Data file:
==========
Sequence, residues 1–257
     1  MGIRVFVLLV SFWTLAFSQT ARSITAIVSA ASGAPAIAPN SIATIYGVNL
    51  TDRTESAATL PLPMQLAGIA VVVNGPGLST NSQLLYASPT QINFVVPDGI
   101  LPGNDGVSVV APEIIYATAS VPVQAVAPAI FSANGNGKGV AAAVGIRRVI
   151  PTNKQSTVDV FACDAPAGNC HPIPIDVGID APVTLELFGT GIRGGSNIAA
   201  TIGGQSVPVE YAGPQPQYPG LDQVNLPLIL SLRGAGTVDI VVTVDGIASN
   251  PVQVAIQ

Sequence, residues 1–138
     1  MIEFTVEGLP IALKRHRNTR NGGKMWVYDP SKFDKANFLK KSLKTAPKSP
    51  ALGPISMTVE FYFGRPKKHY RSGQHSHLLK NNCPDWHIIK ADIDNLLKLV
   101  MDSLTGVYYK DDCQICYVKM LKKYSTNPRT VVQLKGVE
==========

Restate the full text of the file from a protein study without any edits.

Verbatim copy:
Sequence, residues 1–257
     1  MGIRVFVLLV SFWTLAFSQT ARSITAIVSA ASGAPAIAPN SIATIYGVNL
    51  TDRTESAATL PLPMQLAGIA VVVNGPGLST NSQLLYASPT QINFVVPDGI
   101  LPGNDGVSVV APEIIYATAS VPVQAVAPAI FSANGNGKGV AAAVGIRRVI
   151  PTNKQSTVDV FACDAPAGNC HPIPIDVGID APVTLELFGT GIRGGSNIAA
   201  TIGGQSVPVE YAGPQPQYPG LDQVNLPLIL SLRGAGTVDI VVTVDGIASN
   251  PVQVAIQ

Sequence, residues 1–138
     1  MIEFTVEGLP IALKRHRNTR NGGKMWVYDP SKFDKANFLK KSLKTAPKSP
    51  ALGPISMTVE FYFGRPKKHY RSGQHSHLLK NNCPDWHIIK ADIDNLLKLV
   101  MDSLTGVYYK DDCQICYVKM LKKYSTNPRT VVQLKGVE